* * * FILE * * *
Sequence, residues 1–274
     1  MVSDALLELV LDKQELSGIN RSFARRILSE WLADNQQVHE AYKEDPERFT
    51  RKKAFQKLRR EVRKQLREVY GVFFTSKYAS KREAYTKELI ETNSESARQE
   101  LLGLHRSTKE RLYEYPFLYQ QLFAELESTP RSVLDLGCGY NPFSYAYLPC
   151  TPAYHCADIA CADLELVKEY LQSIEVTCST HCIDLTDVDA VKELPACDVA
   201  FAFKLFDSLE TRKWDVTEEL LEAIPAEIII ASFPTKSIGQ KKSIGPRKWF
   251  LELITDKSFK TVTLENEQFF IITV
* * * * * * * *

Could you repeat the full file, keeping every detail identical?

Sequence, residues 1–274
     1  MVSDALLELV LDKQELSGIN RSFARRILSE WLADNQQVHE AYKEDPERFT
    51  RKKAFQKLRR EVRKQLREVY GVFFTSKYAS KREAYTKELI ETNSESARQE
   101  LLGLHRSTKE RLYEYPFLYQ QLFAELESTP RSVLDLGCGY NPFSYAYLPC
   151  TPAYHCADIA CADLELVKEY LQSIEVTCST HCIDLTDVDA VKELPACDVA
   201  FAFKLFDSLE TRKWDVTEEL LEAIPAEIII ASFPTKSIGQ KKSIGPRKWF
   251  LELITDKSFK TVTLENEQFF IITV